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9 Nov 2012
Chapter 2: What are the Issue and the Conclusion?
Before we evaluate someone’s reasoning , we must first find it.
To form a reasonable reaction, we must identify the issue and controversy, as well as the thesis
and conclusion. From there we can understand the intended message.
An issue is a question or controversy responsible for the conversation or discussion. It is the
stimulus for what is being said.
Descriptive Issues
Those that raise questions about the accuracy of descriptions of the past, present, or future.
o Eg. Does/What/Is/How much/How good
They all require an answer attempting to describe the way the world was, is, or is going to be.
They are usually found in textbooks, magazines, the Internet, and TV
Reflect our curiosity
Prescriptive Issues
Require answers suggesting the way the world ought to be
o Eg. Should/What ought to be done/Must
These issues are ethical or oral; they raise questions about what is right or wrong, desirable or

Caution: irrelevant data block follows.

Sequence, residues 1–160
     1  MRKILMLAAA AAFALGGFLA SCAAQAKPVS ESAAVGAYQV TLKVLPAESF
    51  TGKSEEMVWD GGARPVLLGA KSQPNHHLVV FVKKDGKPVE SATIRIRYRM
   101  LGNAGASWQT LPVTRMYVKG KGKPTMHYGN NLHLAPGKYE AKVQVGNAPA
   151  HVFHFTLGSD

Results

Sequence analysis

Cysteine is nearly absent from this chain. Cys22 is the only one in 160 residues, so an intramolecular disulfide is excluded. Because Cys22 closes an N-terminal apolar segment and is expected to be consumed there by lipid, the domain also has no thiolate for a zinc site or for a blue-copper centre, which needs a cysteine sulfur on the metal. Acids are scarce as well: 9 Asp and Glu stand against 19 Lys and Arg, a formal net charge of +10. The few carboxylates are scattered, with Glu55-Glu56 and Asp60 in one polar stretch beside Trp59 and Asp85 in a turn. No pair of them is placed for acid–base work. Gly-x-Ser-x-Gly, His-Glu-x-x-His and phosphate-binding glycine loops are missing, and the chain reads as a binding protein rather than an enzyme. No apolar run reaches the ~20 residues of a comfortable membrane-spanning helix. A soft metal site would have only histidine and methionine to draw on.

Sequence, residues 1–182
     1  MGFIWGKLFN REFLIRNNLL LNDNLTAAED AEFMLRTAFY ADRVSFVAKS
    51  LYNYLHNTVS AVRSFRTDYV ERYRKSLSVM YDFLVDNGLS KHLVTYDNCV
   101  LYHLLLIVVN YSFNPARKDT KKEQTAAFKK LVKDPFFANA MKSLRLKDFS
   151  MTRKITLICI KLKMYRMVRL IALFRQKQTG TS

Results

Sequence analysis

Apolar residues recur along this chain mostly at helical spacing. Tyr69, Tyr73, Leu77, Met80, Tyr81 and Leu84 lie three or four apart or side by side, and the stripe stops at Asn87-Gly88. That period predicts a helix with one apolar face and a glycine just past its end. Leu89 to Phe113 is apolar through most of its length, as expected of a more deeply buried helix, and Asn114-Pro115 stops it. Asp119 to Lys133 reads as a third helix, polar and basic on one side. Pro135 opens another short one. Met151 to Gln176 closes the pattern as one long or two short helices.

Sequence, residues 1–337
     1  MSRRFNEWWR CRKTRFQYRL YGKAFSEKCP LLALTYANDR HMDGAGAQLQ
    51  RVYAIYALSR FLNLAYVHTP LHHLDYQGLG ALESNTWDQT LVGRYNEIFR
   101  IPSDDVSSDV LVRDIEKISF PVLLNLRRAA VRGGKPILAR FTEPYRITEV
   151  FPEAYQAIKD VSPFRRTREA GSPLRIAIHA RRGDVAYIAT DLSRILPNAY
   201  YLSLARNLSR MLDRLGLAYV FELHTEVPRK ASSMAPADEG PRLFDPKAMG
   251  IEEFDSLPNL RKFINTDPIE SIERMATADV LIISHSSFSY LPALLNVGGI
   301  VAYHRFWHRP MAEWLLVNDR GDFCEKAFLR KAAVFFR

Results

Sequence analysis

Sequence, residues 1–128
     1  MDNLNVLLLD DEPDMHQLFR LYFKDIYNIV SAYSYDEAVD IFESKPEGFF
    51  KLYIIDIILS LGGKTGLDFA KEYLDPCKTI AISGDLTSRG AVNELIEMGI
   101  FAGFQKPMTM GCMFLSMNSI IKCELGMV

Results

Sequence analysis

undesirable, good or bad.
Searching for the Issue
The writer will either straight out tell you what the issue is, or it will be identified within the
body of text, usually right at the beginning, or even in the title.
Sometimes you need to question what the author is reacting to in order to understand the
The surest way to detect an issue is to look at the conclusion. In some cases, the conclusion
will be found before you can identify the conclusion
We cannot critically evaluate until the conclusion is found
Searching for the Conclusion
You will be searching for a statement or set of statements that the writer or speaker wants you
to believe
This refers to the conclusion; that refers to the support of the conclusion. [this because of that]
o Represents the process of interference
Conclusions are interred they are derived from reasoning
o Ideas that require other ideas to support them
Unsupported claims = mere opinions
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